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How Kevin Stefanski Will Improve The Browns’ Offense: Baker Mayfield

This is the second of a two-part series on why I expect Kevin Stefanski to drastically improve the Browns’ offense. This piece focuses on how Stefanski’s scheming and play-calling will fit Baker Mayfield better than Freddie Kitchen’s vertical offense.

This is the second of a two-part series on why I expect Kevin Stefanski to drastically improve the Browns’ offense. This piece focuses on how Stefanski’s scheming and play-calling will fit Baker Mayfield better than Freddie Kitchen’s vertical offense. The first piece is available here.

Freddie Kitchens came from the Bruce Arians-led school of a vertical passing offense that combined gap- and zone-running schemes. While Kitchens did not go as far as Kliff Kingsbury in Arizona. Regardless, Kitchens’ offensive style did focus on using the vertical passing game to achieve large yardage gains and wear out the opponent’s secondary.

In hindsight, there were clues during Baker’s first season that this system would not work. However, these were seemingly missed or ignored by ex-GM John Dorsey, head coach Freddie Kitchens, and offensive coordinator Todd Monken.

What Stefanski Will Change:

Per Sports Info Solutions, in 2018 Baker Mayfield averaged nearly seven multi-step dropbacks per game. On these plays, Baker threw 64.1% of passes on-target, ranking 38 out of 43 quarterbacks with at least 75 of such attempts over the last two seasons. Additionally, Baker had a 5.4% interception rate and a 6.1% sack percentage on these dropbacks. Therefore, looking at those stats, it should be clear that Baker struggles with plays that take longer to develop.

Due to the nature of the vertical passing offense, Baker averaged the same number of five- and seven-step dropbacks in 2019, but only threw 62% of these throws on-target (ranking 42/43 quarterbacks over the past two seasons with at least 75 of such attempts), a 5.1% interception percentage, and a 9.1% sack percentage.

On non-vertical offense plays, though, Mayfield shined. For example, he only took 30.15% of his passes from under shotgun with a one-step-or-less dropback and play-action under center. Moreover, these were by far his best passes – averaging a 65.24% completion percentage, 7.5 yards per attempt, a three-to-one touchdown-to-interception ratio, and a 97.5 quarterback rating. This is astoundingly low when compared to two superior-but-similar quarterbacks:

Percent of passesCompletion percentageYards per AttemptTouchdown-to-interception ratioQBR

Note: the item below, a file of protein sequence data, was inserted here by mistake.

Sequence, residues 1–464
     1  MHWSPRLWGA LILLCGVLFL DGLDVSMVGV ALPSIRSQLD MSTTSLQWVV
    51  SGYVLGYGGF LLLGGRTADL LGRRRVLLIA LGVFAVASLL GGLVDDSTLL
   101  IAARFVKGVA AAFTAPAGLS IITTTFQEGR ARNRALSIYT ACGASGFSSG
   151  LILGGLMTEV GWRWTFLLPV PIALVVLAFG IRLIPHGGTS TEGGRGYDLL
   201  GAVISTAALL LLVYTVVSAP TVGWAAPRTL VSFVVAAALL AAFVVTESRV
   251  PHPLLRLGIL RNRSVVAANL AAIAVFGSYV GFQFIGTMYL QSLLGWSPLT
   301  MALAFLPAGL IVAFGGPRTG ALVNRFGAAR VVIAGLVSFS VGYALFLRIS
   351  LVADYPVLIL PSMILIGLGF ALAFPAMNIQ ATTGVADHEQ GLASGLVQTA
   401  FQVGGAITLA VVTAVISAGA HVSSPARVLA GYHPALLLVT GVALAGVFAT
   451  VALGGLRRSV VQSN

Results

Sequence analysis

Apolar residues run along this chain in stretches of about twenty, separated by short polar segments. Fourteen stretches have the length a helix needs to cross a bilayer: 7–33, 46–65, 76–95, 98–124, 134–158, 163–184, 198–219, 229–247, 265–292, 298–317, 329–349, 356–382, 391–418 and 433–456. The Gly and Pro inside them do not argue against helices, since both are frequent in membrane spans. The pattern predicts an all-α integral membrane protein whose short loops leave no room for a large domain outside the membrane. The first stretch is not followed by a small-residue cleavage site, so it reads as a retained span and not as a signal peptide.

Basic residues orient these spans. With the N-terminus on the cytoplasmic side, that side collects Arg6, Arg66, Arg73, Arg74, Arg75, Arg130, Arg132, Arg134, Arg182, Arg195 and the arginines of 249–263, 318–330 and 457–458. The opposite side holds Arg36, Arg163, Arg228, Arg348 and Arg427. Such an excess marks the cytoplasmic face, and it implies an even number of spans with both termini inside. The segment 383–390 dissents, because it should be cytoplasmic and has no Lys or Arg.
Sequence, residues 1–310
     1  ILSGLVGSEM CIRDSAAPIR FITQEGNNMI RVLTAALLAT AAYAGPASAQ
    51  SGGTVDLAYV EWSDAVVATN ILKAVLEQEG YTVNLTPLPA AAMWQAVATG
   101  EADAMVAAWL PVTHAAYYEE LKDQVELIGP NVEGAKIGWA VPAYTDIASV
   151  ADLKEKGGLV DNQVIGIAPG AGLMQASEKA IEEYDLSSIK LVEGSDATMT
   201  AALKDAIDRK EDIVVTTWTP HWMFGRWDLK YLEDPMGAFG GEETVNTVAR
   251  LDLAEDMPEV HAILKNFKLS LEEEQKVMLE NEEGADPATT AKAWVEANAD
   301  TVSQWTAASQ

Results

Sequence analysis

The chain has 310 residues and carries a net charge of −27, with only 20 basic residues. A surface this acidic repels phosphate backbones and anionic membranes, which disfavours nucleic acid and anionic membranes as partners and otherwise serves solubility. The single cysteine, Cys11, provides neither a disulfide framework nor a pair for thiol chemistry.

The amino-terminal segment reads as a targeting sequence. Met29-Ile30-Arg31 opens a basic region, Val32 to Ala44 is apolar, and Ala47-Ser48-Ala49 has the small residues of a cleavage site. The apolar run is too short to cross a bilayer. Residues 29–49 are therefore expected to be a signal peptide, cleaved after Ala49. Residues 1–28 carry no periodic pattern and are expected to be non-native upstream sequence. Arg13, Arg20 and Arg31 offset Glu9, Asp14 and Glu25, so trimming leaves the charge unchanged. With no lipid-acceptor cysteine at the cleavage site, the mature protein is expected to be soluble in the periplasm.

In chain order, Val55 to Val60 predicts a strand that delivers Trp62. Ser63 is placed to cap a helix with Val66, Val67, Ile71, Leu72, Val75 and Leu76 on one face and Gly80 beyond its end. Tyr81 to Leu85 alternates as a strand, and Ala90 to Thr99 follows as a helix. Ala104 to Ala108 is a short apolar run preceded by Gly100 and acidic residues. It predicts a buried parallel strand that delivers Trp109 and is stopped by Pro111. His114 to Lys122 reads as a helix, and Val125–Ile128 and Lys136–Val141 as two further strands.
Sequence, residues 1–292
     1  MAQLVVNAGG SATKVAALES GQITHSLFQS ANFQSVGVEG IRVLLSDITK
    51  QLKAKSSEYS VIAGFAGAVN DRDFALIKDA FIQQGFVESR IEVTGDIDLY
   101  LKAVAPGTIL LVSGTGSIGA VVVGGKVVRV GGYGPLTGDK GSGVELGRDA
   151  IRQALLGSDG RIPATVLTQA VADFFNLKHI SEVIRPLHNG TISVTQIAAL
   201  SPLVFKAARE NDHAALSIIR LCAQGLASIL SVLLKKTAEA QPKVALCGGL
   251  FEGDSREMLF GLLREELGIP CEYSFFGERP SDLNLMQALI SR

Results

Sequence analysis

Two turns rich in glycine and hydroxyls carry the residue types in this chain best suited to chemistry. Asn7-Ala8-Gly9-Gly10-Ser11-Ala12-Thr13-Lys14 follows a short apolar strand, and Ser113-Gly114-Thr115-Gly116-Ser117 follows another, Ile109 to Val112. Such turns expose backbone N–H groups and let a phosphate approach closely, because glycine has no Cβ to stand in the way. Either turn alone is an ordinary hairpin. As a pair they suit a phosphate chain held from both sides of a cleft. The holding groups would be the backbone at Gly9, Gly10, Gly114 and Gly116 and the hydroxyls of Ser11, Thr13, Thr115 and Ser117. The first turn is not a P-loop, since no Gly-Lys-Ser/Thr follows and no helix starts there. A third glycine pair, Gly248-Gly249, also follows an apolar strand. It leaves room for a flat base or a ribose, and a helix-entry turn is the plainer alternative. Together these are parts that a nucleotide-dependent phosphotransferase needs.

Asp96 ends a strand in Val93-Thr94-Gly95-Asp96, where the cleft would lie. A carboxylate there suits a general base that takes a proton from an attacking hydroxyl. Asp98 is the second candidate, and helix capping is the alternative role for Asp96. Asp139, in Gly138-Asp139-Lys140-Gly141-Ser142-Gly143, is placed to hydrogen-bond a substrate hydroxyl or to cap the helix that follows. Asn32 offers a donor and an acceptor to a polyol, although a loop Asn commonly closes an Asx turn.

Baker Mayfield30.1565.247.53-to-197.5
Kirk Cousins38.772.97.65-to-1115.74
Jimmy Garoppolo50.2728.282-to-1105.6

I previously discussed how the play-action builds off of the outside zone using bootleg situations that look identical to a running play. Baker Mayfield excels in the play-action bootleg, but Kitchens rarely called it.

Percent of passesCompletion percentageYards per attemptTouchdown-to-interception ratioQBR
Baker Mayfield2.49318.641 touchdown, 0 interceptions142.6
Kirk Cousins12.671.411.84-to-1135.6
Jimmy Garoppolo6.77515.43 touchdowns, 0 interceptions147.9

Thus, looking at Kirk Cousins numbers on the above plays (quick, no-dropback passing and play-action bootlegs), it is clear that Stefanski designed an offense that maximized his quarterback’s strengths. For the Browns, Baker Mayfield is similar to Cousins. Therefore, fans should expect similar calls and play-designs.

It gets even worse…

Finally, the above image looks at “estimated points added” and play-action bootleg attempts for every team. The red lines indicate the axis’s median value.

If you are in the upper-right-hand quadrant or the lower-left-hand quadrant then you are using an efficient number of play-action bootlegs throughout the course of the season. The upper-left-hand quadrant – where the Browns are located – indicates teams that should have run more play-action bootleg attempts. The Browns not only are in this quadrant, but they are also the most extreme, indicating that the team should have run significantly more play-action bootleg passes over the course of the season.

It is also worth noting that Stefanski’s old team, the Vikings, took serious advantage of this market inefficiency during the 2019 season, running more play-action bootleg passes than any team in the NFL.

Below is what the graph looks like when you adjust for estimated points added per play. The results are even more damning.

What does this mean for Baker Mayfield?

Baker Mayfield had a historic rookie season. For instance, he won five of his last eight games and broke records for the rookie touchdown passes and passing yards per game.

Expectations going into 2019 were sky-high, and as a result, many people discussed Baker Mayfield as the second-best young quarterback in the NFL. Therefore, he was considered a franchise quarterback and the Browns went into win-now mode.

The failure of Baker Mayfield’s 2019 provided us data about his limitations. As a result, it is likely that Baker Mayfield never becomes a top-tier quarterback at the level of a Patrick Mahomes or prime Tom Brady.

Nonetheless, Bayesian updating forecasts by Kevin Cole at PFF suggests that Baker Mayfield’s passing numbers place him around such quarterbacks as Dak Prescott, Joe Flacco, Teddy Bridgewater, Ryan Tannehill, and Andrew Luck. In other words, Baker projects to be a franchise quarterback, but not a generational talent.

This is why Kevin Stefanski is important. For example, in 2018, Baker Mayfield demonstrated that he can be a franchise quarterback. On the other hand, Mayfield showed in 2019 that he will not be a quarterback that can thrive in any system. Thus, it is up to Stefanski to develop a system that benefits Baker Mayfield and the Browns’ passing game.

RealBrownsFans resident analytics nerd. Ph.D. Student.

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